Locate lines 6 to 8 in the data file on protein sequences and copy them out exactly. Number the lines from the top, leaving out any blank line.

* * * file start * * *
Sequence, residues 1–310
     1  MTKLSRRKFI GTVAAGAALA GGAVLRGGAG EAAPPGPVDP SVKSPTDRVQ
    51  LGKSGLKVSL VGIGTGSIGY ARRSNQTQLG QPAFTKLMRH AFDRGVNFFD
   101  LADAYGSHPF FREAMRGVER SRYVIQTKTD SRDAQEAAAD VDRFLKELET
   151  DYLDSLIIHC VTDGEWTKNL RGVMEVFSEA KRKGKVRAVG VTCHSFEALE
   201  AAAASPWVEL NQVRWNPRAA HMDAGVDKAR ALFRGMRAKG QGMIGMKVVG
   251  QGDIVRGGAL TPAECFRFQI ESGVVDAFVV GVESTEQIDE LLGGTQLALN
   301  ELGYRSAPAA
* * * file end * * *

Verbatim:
   201  AAAASPWVEL NQVRWNPRAA HMDAGVDKAR ALFRGMRAKG QGMIGMKVVG
   251  QGDIVRGGAL TPAECFRFQI ESGVVDAFVV GVESTEQIDE LLGGTQLALN
   301  ELGYRSAPAA